Re: Lillies fixative

From:"J. A. Kiernan" <>

   (This message is rather long and is about wrongly 
    naming things after people. It contains some information
    but no direct, practical advice. Read on or not, as
    you see fit. There is a significant suggestion at the end.) 

  I think's mixture is not one of Lillie's.
  Fourteen fixatives based mainly on formaldehyde are described
  and discussed on pp 30-34 in Lillie'ss big book (4th & last edn,
  1976, published less than 3 years before his death at age 83), and
  this is not one of them. It would have been quite unlike Lillie
  to have invented such a mixture - adding acetic acid to neutral
  buffered formalin, and adding alcohol to a phosphate buffer, if
  that is what's used in the NBF. (Sodium and potassium phosphates
  are insoluble in alcohol and can be expelled from solution in
  alcohol-water mixtures. Lillie knew all this stuff.)

  Lillie himself described 3 formaldehyde fixatives: a phosphate-
  buffered formalin pH 7.0; calcium acetate-formalin; and Lillie's
  (1949) AAF. The last of these is: Formalin 10, Acetic acid 5, 
  alcohol (95-100%): 85 parts by volume (Anatomical Record 103: 611.
  Ref from Lillie's book; I haven't checked the original). 

  Lillie's AAF has the same ingredients as the mixture below. I
  haven't done the sums to compare concentrations, but with the mixture
  below you may lose the benefits of having acetic acid in the
  mixture. Otherwise, if the buffer doesn't hold the pH near neutrality,
  you lose the (questionable) advantage of an alcoholic formaldehyde 
  fixative being neutral. You can't have it both ways! pH about 3 is
  good for nuclei, chromosomes etc. pH 7 to 7.6 is poor for chromatin
  in light microscopy but good for cytoplasmic details (mitochondria,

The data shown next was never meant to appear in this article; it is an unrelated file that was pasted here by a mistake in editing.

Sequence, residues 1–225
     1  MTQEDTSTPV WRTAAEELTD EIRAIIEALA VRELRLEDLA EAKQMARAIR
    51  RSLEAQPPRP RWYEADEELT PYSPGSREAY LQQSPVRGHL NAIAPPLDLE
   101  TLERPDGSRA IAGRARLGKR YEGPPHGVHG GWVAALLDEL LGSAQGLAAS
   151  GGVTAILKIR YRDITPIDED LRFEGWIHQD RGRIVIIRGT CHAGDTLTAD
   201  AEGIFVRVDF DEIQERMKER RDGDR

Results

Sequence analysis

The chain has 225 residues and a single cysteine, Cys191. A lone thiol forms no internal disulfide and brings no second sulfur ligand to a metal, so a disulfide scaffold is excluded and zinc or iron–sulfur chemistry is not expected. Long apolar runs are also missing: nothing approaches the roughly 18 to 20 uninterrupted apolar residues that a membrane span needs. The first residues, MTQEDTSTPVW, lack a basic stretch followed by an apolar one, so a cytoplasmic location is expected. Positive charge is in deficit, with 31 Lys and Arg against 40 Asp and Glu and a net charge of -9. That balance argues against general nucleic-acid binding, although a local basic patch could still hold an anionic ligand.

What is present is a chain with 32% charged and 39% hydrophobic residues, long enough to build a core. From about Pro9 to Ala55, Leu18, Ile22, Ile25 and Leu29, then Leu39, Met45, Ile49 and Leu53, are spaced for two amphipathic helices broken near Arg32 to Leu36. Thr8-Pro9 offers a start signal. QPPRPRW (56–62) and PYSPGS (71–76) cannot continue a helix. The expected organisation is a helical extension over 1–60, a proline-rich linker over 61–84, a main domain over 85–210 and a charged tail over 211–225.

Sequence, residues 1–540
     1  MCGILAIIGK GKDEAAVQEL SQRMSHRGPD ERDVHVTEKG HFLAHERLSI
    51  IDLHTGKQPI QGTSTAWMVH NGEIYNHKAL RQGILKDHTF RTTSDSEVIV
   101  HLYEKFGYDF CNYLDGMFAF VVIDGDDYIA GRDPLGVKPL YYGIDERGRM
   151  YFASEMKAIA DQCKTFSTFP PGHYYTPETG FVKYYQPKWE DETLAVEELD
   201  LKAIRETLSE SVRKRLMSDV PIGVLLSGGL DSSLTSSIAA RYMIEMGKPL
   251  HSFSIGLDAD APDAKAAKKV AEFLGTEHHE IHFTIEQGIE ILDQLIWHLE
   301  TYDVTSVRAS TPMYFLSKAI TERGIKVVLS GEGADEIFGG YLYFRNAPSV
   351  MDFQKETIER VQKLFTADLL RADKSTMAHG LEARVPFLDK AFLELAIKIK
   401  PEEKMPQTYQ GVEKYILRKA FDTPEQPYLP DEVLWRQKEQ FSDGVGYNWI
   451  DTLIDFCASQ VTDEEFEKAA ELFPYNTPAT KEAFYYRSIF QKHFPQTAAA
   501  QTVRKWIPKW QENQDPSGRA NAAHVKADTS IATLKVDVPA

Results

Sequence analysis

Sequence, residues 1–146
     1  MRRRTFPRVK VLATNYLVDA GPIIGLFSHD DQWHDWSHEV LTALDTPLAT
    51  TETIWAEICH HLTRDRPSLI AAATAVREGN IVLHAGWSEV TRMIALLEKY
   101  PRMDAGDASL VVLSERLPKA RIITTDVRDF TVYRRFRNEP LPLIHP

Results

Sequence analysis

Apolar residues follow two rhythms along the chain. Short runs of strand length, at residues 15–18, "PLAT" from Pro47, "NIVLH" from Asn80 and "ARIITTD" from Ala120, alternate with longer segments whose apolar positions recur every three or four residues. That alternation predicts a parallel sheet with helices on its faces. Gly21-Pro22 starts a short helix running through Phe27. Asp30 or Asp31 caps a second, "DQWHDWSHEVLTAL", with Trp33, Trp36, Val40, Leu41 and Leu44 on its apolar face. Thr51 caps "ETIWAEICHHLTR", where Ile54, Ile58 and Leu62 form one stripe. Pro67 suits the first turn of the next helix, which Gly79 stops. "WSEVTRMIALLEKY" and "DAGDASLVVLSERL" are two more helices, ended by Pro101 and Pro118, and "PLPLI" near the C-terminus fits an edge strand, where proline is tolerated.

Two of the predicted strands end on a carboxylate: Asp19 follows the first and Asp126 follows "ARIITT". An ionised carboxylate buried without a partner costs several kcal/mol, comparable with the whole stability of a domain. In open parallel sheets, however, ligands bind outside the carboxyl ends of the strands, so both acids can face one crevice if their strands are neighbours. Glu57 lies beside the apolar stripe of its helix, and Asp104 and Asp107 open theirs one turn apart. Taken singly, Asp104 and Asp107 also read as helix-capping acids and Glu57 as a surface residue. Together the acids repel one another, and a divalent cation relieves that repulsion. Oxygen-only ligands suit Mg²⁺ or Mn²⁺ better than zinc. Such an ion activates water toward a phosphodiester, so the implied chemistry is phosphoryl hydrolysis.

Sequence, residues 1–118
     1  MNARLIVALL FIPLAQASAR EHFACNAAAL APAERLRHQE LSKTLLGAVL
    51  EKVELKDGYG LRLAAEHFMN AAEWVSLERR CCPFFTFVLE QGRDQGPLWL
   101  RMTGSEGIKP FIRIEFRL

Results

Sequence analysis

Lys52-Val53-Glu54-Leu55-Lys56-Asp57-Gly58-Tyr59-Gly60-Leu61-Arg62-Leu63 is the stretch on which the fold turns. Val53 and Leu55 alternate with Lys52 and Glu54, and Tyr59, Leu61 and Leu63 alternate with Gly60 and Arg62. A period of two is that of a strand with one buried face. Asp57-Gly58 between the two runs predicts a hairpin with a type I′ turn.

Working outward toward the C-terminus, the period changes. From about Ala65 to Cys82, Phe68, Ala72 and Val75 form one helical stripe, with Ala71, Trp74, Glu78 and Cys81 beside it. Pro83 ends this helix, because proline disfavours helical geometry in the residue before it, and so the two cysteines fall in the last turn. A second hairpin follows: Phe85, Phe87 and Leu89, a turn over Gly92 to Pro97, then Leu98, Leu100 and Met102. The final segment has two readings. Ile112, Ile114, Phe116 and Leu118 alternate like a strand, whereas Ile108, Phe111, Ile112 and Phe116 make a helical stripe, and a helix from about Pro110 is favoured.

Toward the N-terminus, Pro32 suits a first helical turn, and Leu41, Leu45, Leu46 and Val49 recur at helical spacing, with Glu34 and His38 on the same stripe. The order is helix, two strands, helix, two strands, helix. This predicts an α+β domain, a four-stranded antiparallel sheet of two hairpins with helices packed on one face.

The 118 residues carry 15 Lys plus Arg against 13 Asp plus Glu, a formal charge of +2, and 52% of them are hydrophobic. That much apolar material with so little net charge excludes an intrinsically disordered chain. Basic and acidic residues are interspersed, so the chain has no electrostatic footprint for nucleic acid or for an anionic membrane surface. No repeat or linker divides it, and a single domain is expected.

some granules, Golgi complex, etc). Alcohol is bad for some of these
  cytoplasmic features (but good for glycogen) and is generally better
  in conjunction with paraffin embedding than an entirely non-coagulant
  formaldehyde solution. 

    (If a fixative has a coagulant ingredient There is less differential
     shrinkage in the mounted and stained sections. By differential 
     shrinkage I mean such things as empty spaces around cells in the CNS, 
     separation of epithelium from underlying layers in gut, and many 
     departures from ideal preservation of glomeruli and tubules in the 
     kidney.  Differential shrinkage is usually present after fixation 
     in aqueous formaldehyde and paraffin embedding. These artifacts are
     not seen in frozen or plastic-embedded sections. They indicate 
     failure of the fixative to protect the tissue against processing 
     into paraffin. J.R. Baker surmised that cross-linking of proteins 
     by formaldehyde impaired penetration of large wax molecules. He may
     be right, but I don't know of any experimental work that tests this
     hypothesis. Do you?)
On Thu, 12 Oct 2000 wrote:
>               Lillie's Fixative
> Stock solution"
> 200 ml. glacial acetic acid
> 800 ml. 95% alcolhol
> Working solution:
> 1 part stock solution
> 3 parts 10% neutral buffered formalin
  That was rather long, but I'm grateful to for
  making me sit up and think and pull Lillie's book down off the
  shelf. I'm not saying there's anything wrong with the mixture
  described above. If it works well with surgical specimens of
  suspected mammary tumours, that's good. I don't think it was
  really invented by Lillie, who was one of the founding fathers
  of histochemistry, especially in the context of pathology. The
  credit for mixing acetic acid, alcohol and neutral buffered
  formalin is due to someone else, and if this mixture is really
  useful it should be critically investigated.

 John A. Kiernan,
 Department of Anatomy & Cell Biology,
 The University of Western Ontario,
 LONDON,  Canada  N6A 5C1
   Phone: (519) 661-2111
   FAX (Department): (519) 661-3936


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